STV rolls out local news sites across Scotland

Brown: investment is on journalists

STV Local is among the UK’s most ambitious attempts yet to create a network of local, internet-based news services.  The independent television franchise holder for Scotland aims to create up to 120 community-based news sites.  Six pilots have been running since September and the company intends to launch six to nine new sites a month, and promises a footprint covering a fifth of Scotland’s population by Christmas.

The pilots are based in the North Lanarkshire towns of Aidrie, Bellshill, Coatbridge, Cumbernauld, Motherwell and Wishaw.  In each, a community editor is responsible for news gathering, writing and co-ordinates input from voluntary contributors.  Larger towns, including those in the pilot, will be served by a full-time editor.  The next wave of openings will be in the north-east of Scotland, with smaller settlements, such as Buckie, in Aberdeenshire, having a quarter-time editor.

STV won’t be drawn on the scale of their commitment.  “We are investing a significant amount into STV Local – and we are spending most of it on employing journalists”, says Alistair Brown STV’s head of digital. 

David Milne’s appointment as executive editor of STV local signals the company’s commitment that the quality of journalism on the sites equals that of their broadcast content.  Milne, a former deputy editor of The Sunday Herald and digital editor of the Herald group, will manage a group of regional editors, who will oversee community editors.

“We hope that the sites will become part of their communities they serve”, says Milne.  “But as well as being STV Local, it is also STV Anywhere.  We don’t care where you are when you view the sites.”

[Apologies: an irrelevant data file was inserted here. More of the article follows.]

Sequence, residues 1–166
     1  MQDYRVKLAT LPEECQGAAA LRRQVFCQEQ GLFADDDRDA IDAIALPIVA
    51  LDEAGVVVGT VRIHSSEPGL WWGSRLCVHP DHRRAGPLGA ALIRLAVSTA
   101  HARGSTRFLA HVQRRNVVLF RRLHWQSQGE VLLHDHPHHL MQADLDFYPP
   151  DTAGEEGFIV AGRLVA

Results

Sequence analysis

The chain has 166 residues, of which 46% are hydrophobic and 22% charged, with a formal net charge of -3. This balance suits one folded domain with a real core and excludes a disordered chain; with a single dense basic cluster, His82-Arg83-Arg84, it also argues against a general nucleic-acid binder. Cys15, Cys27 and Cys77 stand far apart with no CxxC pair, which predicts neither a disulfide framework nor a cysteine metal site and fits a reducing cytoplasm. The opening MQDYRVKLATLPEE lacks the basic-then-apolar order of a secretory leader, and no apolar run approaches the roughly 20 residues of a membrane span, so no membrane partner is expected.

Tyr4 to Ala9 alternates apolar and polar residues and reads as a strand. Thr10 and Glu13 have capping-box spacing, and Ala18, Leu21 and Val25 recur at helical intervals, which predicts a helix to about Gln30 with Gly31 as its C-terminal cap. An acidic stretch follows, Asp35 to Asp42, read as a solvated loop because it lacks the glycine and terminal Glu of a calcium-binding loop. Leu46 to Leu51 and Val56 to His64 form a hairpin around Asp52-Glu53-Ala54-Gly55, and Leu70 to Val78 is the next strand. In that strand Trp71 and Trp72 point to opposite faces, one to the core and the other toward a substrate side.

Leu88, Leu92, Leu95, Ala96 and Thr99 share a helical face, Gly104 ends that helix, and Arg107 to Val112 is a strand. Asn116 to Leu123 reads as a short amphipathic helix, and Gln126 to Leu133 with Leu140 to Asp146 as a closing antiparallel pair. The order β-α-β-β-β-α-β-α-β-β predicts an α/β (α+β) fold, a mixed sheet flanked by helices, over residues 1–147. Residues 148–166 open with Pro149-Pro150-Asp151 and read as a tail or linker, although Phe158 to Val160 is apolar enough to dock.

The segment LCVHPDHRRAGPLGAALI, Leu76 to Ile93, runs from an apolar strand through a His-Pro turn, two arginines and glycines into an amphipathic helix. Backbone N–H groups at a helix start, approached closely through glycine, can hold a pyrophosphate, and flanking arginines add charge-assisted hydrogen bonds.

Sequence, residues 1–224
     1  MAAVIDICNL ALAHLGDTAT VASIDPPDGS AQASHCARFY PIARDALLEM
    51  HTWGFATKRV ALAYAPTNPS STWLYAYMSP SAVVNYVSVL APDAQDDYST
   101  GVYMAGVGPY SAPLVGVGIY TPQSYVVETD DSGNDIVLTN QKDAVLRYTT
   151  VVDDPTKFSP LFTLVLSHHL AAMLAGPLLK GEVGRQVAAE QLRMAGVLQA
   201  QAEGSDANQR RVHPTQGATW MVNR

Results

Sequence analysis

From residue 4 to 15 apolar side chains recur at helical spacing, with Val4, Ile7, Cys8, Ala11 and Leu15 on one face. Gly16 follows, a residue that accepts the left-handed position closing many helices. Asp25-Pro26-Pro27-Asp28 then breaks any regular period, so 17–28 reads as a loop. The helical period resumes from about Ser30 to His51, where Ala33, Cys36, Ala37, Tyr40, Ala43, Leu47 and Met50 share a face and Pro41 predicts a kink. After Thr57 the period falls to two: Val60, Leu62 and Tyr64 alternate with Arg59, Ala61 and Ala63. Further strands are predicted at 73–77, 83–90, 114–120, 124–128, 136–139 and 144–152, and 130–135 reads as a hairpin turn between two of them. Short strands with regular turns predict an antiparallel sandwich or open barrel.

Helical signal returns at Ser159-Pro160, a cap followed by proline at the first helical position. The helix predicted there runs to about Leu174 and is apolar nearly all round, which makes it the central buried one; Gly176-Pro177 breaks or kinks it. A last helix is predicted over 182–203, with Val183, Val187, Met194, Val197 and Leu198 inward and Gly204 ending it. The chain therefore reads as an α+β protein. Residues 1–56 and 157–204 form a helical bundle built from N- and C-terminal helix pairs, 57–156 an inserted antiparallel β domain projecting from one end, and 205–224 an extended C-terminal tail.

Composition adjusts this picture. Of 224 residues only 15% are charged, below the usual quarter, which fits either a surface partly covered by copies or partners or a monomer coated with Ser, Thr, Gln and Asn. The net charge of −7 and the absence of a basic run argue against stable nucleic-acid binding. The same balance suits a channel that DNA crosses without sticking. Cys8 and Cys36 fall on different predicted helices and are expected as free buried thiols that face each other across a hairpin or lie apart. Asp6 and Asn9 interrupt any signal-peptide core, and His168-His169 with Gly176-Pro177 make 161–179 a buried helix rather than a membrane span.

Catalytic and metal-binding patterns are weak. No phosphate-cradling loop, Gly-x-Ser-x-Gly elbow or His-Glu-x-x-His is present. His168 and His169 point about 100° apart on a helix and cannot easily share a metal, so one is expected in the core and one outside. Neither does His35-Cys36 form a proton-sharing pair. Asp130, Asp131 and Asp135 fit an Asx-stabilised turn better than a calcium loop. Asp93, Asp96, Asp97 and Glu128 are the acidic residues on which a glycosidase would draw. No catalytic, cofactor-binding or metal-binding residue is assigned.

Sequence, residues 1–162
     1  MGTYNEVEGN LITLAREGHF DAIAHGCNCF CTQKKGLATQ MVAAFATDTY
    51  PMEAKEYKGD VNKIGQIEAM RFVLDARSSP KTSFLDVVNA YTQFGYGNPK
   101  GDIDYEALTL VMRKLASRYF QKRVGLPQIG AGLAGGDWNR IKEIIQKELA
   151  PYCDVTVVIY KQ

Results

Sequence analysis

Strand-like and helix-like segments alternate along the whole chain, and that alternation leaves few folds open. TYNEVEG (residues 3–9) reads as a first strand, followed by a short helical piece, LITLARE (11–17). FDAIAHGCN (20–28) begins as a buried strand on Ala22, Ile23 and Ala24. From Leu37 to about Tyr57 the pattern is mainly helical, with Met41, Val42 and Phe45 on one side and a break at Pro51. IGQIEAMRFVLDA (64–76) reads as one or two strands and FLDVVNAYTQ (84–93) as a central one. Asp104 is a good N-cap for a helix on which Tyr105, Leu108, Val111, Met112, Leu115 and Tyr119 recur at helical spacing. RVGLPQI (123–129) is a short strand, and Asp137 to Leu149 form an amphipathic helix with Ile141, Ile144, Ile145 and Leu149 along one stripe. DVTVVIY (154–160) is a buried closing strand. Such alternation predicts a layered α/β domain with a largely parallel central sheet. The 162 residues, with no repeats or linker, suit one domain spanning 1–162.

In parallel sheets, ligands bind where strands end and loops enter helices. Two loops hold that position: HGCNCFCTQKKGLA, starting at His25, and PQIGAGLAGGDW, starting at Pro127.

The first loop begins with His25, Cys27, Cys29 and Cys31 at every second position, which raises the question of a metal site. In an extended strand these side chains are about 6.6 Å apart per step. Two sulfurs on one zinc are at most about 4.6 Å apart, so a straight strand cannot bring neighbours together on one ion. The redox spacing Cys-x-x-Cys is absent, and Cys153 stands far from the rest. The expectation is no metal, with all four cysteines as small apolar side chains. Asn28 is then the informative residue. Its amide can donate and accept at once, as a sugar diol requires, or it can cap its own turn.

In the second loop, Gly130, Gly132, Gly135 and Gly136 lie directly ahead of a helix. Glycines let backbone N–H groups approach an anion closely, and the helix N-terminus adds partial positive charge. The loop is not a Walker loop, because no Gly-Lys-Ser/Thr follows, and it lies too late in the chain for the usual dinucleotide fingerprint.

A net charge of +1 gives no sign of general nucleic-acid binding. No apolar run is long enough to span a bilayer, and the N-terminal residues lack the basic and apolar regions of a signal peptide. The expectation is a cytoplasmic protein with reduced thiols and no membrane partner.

Milne: if you are interested, we are interested

Milne also stresses that he sees the local services radically changing STV’s overall approach to news.  “Until now, lots of people with great stories did not come to STV because they thought that we would not be interested.  Now we are saying, if you are interested, we are interested.  And when stories are really good, there is no reason why they should not be used elsewhere in our news provision – all the way up to the national news.”

STV plans for the sites to generate revenue through advertising, one of the company’s hopes being that the aggregated market to which its sites offer access will be sufficient to tempt national advertisers.  The sites also feature Addiply slots – although, to date, few are filled.

Brown and Milne place heavy emphasis on the partnerships they are striving to build, with local authorities, police forces and health boards.  Although they don’t describe these as primarily commercial relationships, it is clear that part of their vision is to provide a communications channel with local communities that can be profitably exploited.

STV makes much of not having any ‘legacy media’ to consider  when approaching advertisers – an acknowledgement that newspaper publishers find it difficult to focus on online advertising when printed advertising rates remain so much higher.  Indeed, much of STV’s offer is couched in terms of offering additional consumer choice.  Whether newspaper groups will continue to take a relaxed approach to incursions into markets that they have considered their own for decades remains to be seen.

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